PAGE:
Jenny has encountered several highly competent people throughout her career who have admitted that they entered one path or another based on certain assumptions that were not entirely correct. Further, she has talked with interns about their future career interests and she sees them teetering on the edges of some same fallacies. It’s all fun and science until you have to get a job. As you will make this decision at some point, Jenny wants to give you a few key points to consider when evaluating potential statistics / data science careers in drug development and healthcare. 

Join us while Jenny and I talk about these important reflections and answer the important following points:

  1. Get comfortable with ambiguity. 
  2. Manage your energy.  
  3. Being right is not enough. 
  4. It’s about impact.  
  5. Academia or industry?

Here’s the link to the LinkedIn article, which we refer to in the episode:

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Jenny Devenport

Director, Biostatistics at Roche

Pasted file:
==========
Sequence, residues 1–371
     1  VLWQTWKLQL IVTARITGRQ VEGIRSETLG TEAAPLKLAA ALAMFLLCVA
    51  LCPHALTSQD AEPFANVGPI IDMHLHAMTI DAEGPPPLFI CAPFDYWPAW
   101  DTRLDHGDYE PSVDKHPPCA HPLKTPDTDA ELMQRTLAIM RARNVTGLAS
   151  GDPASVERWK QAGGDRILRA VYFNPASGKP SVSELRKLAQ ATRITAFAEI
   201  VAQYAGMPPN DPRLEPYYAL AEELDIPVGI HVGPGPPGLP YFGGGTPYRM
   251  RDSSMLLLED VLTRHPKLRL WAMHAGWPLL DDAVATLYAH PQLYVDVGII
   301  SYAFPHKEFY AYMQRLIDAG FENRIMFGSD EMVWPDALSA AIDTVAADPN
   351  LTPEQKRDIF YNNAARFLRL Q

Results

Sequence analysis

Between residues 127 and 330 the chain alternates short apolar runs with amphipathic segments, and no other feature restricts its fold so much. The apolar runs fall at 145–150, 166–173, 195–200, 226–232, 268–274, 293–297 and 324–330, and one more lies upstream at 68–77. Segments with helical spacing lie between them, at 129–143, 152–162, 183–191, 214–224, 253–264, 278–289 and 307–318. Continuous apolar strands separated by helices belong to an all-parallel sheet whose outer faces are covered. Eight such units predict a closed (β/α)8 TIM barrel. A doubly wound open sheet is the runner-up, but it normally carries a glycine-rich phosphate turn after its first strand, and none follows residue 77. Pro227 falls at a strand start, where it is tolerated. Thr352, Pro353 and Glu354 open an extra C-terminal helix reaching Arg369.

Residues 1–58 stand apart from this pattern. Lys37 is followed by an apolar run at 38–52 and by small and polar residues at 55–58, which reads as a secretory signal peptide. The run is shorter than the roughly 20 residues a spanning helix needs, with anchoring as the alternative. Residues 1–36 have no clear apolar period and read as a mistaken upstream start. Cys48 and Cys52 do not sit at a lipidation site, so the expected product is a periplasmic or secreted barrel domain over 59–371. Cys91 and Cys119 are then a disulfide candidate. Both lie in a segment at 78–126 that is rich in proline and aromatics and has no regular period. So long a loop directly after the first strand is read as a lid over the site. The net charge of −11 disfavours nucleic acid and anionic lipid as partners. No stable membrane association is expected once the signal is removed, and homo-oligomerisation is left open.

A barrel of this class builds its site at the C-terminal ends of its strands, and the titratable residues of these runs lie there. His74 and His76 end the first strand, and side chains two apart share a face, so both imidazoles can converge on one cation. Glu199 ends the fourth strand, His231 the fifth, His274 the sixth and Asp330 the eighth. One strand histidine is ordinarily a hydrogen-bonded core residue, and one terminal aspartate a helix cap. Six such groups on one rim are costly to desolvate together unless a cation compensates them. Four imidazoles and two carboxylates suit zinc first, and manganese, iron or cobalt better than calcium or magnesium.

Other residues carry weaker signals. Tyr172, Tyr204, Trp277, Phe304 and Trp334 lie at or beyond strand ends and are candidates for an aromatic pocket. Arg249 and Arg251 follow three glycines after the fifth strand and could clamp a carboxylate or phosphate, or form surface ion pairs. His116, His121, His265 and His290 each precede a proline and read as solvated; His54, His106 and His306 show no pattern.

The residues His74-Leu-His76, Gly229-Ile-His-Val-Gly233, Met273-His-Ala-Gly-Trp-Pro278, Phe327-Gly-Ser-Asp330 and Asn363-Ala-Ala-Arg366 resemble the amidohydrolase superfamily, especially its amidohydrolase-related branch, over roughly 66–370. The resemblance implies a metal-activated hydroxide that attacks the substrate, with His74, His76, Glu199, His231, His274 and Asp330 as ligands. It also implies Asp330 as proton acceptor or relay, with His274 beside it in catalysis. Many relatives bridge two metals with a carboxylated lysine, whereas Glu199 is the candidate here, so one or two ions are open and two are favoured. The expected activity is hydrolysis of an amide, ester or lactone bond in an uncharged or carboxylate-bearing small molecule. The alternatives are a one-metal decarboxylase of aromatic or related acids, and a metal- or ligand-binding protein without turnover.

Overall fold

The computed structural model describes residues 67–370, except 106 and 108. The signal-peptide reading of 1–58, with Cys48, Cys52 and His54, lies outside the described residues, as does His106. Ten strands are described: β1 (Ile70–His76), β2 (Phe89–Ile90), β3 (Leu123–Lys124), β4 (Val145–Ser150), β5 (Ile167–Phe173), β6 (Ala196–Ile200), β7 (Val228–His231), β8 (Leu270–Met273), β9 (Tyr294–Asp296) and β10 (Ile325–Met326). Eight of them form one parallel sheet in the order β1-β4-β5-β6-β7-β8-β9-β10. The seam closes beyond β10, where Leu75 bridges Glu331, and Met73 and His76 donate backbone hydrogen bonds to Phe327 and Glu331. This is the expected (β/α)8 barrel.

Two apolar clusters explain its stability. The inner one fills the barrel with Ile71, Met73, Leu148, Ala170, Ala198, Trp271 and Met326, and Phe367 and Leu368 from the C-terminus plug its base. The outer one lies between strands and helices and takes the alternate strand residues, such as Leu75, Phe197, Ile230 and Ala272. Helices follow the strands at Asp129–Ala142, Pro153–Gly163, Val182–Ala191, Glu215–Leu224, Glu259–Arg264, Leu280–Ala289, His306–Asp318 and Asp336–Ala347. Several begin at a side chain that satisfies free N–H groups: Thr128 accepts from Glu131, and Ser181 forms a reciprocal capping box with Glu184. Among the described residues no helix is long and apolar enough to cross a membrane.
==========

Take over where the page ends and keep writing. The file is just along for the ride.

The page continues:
Agile, results-driven, Biostatistics and Health Outcomes Leader with extensive experience in building/ developing teams, encouraging effective cross-functional collaboration, and championing scientific curiosity to improve patient care through rigorous analysis and effective communication. Adept in devising and delivering change management strategies and organizational training to maintain employee motivation and focus in an evolving marketplace. Proficient at articulating and measuring strategic impact of evidence generation and communication initiatives. 

Picture shows: Jenny Devenport

Join The Effective Statistician LinkedIn group

I want to help the community of statisticians, data scientists, programmers and other quantitative scientists to be more influential, innovative, and effective. I believe that as a community we can help our research, our regulatory and payer systems, and ultimately physicians and patients take better decisions based on better evidence.

I work to achieve a future in which everyone can access the right evidence in the right format at the right time to make sound decisions.

When my kids are sick, I want to have good evidence to discuss with the physician about the different therapy choices.

When my mother is sick, I want her to understand the evidence and being able to understand it.

When I get sick, I want to find evidence that I can trust and that helps me to have meaningful discussions with my healthcare professionals.

I want to live in a world, where the media reports correctly about medical evidence and in which society distinguishes between fake evidence and real evidence.

Let’s work together to achieve this.